While the information is not clear-cut and remains the subject of debate, US officials agree that the Russia-China relationship is extremely close now and that China is doing more than it once did in support of Russia.
The people familiar with the administration’s thinking characterised the state-owned enterprises’ activities as knowingly assisting Russia in its war effort. They did not elaborate on what evidence Biden administration officials might have to support that view.
The administration is reviewing the evidence it has accumulated to determine its significance. A finding that Chinese companies were supporting the invasion would have troubling implications on US policy toward both Russia and China.
The US strategy over Ukraine rests in part on isolating Mr Putin’s government and seeking to choke off his economy and hinder the war effort. Increased support from China, the world’s No. 2 economy, could significantly undercut that strategy.
And if Mr Biden and his advisers determined China’s government was involved in, or tacitly accepted, the actions of those state-owned enterprises, they would be forced to decide how much to push back.
That could risk worsening a dispute when the Biden administration is trying to balance stabilised ties with Beijing as it moves to limit Chinese access to high-end microchips and to confront China over its posture toward Taiwan.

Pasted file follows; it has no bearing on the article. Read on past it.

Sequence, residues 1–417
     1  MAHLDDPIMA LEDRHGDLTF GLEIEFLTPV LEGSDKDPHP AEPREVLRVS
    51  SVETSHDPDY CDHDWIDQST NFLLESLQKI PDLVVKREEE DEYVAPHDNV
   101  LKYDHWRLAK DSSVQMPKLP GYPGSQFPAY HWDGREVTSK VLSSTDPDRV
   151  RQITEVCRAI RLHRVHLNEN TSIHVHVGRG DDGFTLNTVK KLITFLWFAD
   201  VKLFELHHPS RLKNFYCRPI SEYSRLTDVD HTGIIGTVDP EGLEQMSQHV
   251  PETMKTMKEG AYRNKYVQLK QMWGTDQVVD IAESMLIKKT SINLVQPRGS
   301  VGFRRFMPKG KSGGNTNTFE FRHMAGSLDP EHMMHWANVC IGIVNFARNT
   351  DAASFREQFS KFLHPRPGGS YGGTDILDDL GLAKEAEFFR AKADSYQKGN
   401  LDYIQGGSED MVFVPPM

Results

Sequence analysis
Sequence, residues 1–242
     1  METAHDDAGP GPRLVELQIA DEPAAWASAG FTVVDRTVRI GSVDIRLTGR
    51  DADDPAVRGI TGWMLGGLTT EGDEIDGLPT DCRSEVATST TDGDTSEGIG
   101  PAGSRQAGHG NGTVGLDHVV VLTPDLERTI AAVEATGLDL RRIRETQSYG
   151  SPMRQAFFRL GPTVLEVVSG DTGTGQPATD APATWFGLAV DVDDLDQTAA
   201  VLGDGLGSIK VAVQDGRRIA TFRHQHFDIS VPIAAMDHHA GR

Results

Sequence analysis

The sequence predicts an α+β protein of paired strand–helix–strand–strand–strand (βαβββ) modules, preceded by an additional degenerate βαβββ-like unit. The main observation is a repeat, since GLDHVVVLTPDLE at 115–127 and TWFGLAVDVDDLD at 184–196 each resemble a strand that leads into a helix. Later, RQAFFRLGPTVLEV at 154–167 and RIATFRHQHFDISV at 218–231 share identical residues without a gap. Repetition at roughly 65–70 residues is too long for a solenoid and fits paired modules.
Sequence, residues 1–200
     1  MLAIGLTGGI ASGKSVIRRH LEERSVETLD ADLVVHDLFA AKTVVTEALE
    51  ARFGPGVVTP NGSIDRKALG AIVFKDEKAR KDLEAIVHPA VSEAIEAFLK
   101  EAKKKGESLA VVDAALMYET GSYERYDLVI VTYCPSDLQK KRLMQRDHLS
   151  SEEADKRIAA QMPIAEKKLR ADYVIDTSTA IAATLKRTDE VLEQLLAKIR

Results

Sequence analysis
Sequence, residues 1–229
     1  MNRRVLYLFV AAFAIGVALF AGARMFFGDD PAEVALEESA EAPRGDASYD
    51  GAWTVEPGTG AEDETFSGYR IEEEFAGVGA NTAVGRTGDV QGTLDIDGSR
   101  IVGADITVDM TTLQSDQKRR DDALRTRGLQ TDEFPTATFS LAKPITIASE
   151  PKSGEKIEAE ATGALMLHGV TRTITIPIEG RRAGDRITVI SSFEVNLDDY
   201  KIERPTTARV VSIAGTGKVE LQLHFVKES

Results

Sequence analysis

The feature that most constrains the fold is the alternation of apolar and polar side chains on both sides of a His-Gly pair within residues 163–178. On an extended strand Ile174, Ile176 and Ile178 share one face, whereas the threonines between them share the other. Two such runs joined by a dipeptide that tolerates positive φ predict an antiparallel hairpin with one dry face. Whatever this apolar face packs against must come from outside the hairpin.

Treasury Secretary Janet Yellen met Vice Premier Liu He last week and US Secretary of State Antony Blinken is set to visit Beijing in February, the first such visit since the COVID-19 outbreak shut down travel in early 2020.
Pretty hard to be neutral
Russia and China declared a “no limits” relationship before the war and US officials believe Beijing initially intended to sell lethal weapons to Russia for use in the battlefield. But the administration views China as having scaled back that plan and argues it is not doing as much as it could to help Mr Putin’s invasion, the people said.
China on principle rejects any sanctions apart from those agreed at the United Nations, and sees US calls on other countries to restrict trade as a violation of sovereignty. China’s imports from Russia increased almost 50 per cent in 2022 from the year before, while exports rose 13 per cent.
“Now, what you hear from Beijing is that it claims to be neutral,” Mr Blinken has said. “I would start with the proposition that it’s pretty hard to be neutral when it comes to this aggression.
“There is a clear aggressor. There is a clear victim,” the Secretary of State said.
In late December, Mr Xi and Mr Putin held a phone call in which they agreed to co-operate on trade, energy, finance and agriculture, Chinese state television reported.
Mr Xi told Mr Putin that Beijing would further play a constructive role in trying to resolve the Ukraine “crisis”, though the road to peace talks would not be smooth, the state TV report said.